There is no better time to be a fan of entertainment than now with streaming services like Netflix available at your fingertips. We are used to the access of the endless stream of our favourite Korean dramas, the picturesque documentaries, the adorable animated characters and the impressive VFX spectacle of Hollywood blockbusters; but we often don’t think about how all this is made possible.
In his new book, No Rules Rules: Netflix and the Culture of Reinvention, Netflix CEO Reed Hastings, gives us a glimpse into the corporate culture that has given people in 190 countries the power to choose what, how, where and when to experience the magic of compelling storytelling – providing fresh perspectives that bring us closer to each other.
Here are Reed Hastings’ 5 lessons learned over the last 20 years of Netflix Ta-dumm
Lesson 1: No Rules Rules
Freedom and responsibility go hand in hand over at the Netflix office. The company adheres to a simple five-word principle: act in Netflix’s best interest.
In the world of Netflix, there are no set vacation days and there’s no need to submit a claim form. Netflixers can take as much leave as they want and are trusted to make financial commitments within their domain without higher up approvals. This level of trust is given to employees to steward the company to greater heights.
Lesson 2: A global company needs a global culture
With 18 office locations across 14 countries, the way people work in each corner of the world can shift according to the different cultures and values that exist. The Netflix approach is fairly simple – get the best people, give them frank feedback and empower their decision- making.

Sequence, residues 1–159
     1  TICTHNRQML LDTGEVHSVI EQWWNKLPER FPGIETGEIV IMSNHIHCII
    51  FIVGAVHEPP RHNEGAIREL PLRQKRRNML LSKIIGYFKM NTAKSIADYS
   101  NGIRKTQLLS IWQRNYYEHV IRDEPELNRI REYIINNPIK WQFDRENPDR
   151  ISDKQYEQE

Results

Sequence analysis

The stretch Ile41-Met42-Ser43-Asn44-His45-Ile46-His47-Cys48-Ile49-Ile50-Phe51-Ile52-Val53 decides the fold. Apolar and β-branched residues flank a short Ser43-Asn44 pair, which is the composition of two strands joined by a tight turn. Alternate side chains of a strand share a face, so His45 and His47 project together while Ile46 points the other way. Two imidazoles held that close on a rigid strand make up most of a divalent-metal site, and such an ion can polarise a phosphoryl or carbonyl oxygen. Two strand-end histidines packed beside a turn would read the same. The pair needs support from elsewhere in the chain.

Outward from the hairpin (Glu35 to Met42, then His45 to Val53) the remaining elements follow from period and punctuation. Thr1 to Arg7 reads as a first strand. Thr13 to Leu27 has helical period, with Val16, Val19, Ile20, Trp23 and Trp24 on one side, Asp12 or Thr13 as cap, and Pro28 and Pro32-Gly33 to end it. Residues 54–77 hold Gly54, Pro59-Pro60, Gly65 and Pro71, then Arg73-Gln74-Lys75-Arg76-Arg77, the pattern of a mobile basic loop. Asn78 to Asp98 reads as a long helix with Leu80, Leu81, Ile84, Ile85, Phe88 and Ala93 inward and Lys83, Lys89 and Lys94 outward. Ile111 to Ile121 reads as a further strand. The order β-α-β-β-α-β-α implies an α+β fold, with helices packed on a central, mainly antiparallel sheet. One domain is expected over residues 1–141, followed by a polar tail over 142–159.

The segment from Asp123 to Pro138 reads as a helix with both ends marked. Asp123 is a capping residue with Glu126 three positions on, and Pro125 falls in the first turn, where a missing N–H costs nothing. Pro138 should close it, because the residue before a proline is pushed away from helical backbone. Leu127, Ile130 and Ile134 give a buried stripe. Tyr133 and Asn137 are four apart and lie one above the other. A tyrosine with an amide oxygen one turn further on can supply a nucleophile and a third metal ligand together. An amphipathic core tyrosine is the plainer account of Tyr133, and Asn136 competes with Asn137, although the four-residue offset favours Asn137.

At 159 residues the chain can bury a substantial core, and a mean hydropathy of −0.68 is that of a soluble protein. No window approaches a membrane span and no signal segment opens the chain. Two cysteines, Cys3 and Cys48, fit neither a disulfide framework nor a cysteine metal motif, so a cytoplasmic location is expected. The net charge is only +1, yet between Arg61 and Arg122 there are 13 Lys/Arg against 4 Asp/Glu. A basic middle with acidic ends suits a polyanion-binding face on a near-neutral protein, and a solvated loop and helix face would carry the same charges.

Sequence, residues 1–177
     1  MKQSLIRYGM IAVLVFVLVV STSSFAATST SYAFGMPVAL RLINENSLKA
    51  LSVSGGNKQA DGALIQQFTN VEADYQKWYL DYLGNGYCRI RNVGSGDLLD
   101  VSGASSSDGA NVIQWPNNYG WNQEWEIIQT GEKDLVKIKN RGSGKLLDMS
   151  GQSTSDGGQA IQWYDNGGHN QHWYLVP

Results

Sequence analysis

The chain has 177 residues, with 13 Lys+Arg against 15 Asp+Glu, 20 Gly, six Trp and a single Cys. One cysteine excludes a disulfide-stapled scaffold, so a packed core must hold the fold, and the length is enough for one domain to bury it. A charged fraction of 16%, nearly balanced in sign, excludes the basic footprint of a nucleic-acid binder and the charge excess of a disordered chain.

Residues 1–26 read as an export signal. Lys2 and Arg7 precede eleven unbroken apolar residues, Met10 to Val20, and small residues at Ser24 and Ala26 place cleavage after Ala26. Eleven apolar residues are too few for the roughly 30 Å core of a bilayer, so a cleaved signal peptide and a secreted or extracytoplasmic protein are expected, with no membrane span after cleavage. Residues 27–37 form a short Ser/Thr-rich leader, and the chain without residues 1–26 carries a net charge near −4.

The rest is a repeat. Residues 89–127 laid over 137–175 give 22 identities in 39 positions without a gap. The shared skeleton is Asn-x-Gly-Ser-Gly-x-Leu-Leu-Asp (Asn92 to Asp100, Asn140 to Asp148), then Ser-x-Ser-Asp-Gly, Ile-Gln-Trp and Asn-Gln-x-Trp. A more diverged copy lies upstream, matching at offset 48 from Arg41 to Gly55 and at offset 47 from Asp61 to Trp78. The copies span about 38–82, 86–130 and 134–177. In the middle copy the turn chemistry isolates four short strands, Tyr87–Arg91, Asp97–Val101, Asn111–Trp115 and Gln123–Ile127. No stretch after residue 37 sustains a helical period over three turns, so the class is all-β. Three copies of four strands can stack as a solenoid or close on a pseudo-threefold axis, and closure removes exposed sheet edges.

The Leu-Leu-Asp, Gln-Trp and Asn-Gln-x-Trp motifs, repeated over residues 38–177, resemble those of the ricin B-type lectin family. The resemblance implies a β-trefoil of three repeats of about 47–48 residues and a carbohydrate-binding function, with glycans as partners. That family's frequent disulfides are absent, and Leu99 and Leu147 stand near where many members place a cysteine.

Its 360-degree reviews allow employees to provide feedback to one another, no matter where you stand on the corporate ladder. The process is freeform, allowing Netflixers to share their true sentiments with each other and foster open communication leading to a healthy team.
Lesson 3: Disagree openly and move forward with candor
Inspired by Hastings’ own marriage counselling experience where he learned to be honest and express discontent, he began encouraging his staff to say exactly what they thought, but with positive intent.
“We now say that it is disloyal to Netflix when you disagree with an idea and do not express that disagreement,” Hastings writes in the book.
The CEO admits that Netflix is no stranger to big mistakes, citing Qwikster where the company separated its DVD and streaming services too early. Employees were not comfortable sharing that it was a bad idea at the time. As a result, the company shifted its culture to focus on farming for dissent in an effort to foster open communication and give everyone a voice.
Lesson 4: Inspire, Don’t Manage.
The key here is context, not control. In other words, people who work at Netflix are encouraged to think for themselves – versus do what their bosses assume is right. Employees should be inspired enough to unleash their creativity and not be forced to follow rigid rules.
At the end of the day, it’s really all about freedom and inspiring people to serve members better.
Lesson 5: Open the books! Share information broadly within the company.
Netflix makes confidential information that many companies typically keep under lock and key widely available internally. Things like contracts or how the business is performing on a day-to-day is common knowledge – giving employees the information they need to make great decisions on behalf of the brand.
Watch Reed Hastings explain his no rules rules here.